Monophonic touch sensitive keyboard

Inventor: Robert A. Moog
Patent number: 4213367
FILED: Feb 28, 1978
ISSUED: Jul 22, 1980


A keyboard for a monophonic musical instrument has a plurality of touch sensitive keys which function as variable capacitors, the capacitance depending on the force applied to the keys. The variable capacitance is detected and used to produce a variable control voltage which is used to execute one or several of various control functions, such as controlling the volume of the sound produced by The instrument, controlling the cutoff frequency of a low pass filter in the output system of the instrument, controlling the amount of vibrato or other periodic modulation introduced into the sounds produced by the instrument, controlling the frequency of the vibrato or other periodic modulation, or controlling the amount of “bend” in the pitch of a sound produced by the instrument, i.e. shifting the pitch slightly from its nominal value. The variable capacitors employ a conductive elastomer which is deformed in response to the force applied to the keys. The changes in the capacitance are converted to a DC voltage which is used to control the amplitude of an output signal.

Parametric adjustment circuit

Inventor: Robert A. Moog, Richard M. Walborn

Patent number: 4166197
FILED: Mar 30, 1978
ISSUED: Aug 28, 1979


An improved frequency sensitive circuit capable of adjusting one or more of its parameters in order to shunt an adjustable amount of electrical signal to a current sink, thereby controlling the amplitude of the signal. The frequency sensitive circuit is connected to the wiper of a potentiometer that is placed across the inputs of a difference amplifier in order to control the peak value of the cut or boost in the signal. The frequency sensitive circuit includes a shunt impedance connected between the wiper of the potentiometer and the current sink. A resonant circuit is connected to the impedance and is tuned to an adjustable resonant frequency. A compensation circuit, such as a difference amplifier referenced to the wiper, couples the output of the resonant circuit to the shunt impedance so that the impedance of the frequency sensitive circuit approaches infinity as the frequency of the electrical signal is displaced from the resonant frequency. As a result, the frequency sensitive circuit has substantially no effect on the overall amplitude of the electrical signal at frequencies widely displaced from the resonant frequency.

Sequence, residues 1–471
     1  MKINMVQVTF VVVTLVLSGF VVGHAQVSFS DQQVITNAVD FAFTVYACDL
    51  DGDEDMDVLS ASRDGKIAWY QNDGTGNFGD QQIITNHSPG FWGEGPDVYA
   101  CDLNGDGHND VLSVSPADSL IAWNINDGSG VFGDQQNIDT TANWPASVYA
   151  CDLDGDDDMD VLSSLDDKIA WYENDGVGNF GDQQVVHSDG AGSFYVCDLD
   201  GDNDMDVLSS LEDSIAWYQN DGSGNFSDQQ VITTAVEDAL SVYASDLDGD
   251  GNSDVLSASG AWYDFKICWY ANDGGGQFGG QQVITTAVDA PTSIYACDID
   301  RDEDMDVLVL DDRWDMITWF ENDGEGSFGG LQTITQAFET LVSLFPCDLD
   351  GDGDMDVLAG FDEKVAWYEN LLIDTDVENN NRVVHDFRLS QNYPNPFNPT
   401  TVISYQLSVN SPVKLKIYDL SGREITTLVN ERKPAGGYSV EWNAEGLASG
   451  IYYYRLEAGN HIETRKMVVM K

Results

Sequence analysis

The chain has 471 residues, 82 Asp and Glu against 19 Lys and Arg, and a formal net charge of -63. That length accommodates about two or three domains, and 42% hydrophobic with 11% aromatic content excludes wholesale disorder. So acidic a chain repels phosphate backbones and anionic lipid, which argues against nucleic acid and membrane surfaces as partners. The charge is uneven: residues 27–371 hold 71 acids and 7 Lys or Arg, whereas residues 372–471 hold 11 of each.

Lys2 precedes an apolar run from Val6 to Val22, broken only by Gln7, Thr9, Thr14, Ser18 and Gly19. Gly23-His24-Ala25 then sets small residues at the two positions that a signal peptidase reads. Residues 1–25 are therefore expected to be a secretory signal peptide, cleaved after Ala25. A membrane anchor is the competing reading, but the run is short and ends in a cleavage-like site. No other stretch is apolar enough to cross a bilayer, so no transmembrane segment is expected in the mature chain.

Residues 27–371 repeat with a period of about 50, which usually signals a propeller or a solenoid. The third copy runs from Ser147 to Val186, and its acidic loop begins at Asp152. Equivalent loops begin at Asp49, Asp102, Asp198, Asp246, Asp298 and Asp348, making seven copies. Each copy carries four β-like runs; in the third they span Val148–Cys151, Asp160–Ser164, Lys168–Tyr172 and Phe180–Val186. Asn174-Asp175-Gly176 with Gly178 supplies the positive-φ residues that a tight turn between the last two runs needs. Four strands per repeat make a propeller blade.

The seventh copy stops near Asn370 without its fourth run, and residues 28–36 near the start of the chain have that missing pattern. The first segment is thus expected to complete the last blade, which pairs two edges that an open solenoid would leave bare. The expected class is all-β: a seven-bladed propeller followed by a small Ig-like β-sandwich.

Compressor-expander for a musical instrument

Inventor: Robert A. Moog
Patent number: 4202238
FILED: Jun 1, 1978
ISSUED: May 13, 1980


Electrical circuitry for varying the relative distinctiveness between the lead and rhythm audio signals produced by an electrical guitar, or the like, according to the strength with which the musician picks the guitar strings. The rhythm signal is compressed in response to how hard the player strums or picks the guitar, while the lead signal is expanded as a direct function of rhythm signal compression. An electrical signal is generated from the rhythm signal for controlling the extent of compression and expansion of the audio signals. 

Frequency following circuit

Inventor: Robert A. Moog

Patent number: 4280387
FILED: Feb 26, 1979
ISSUED: Jul 28, 1981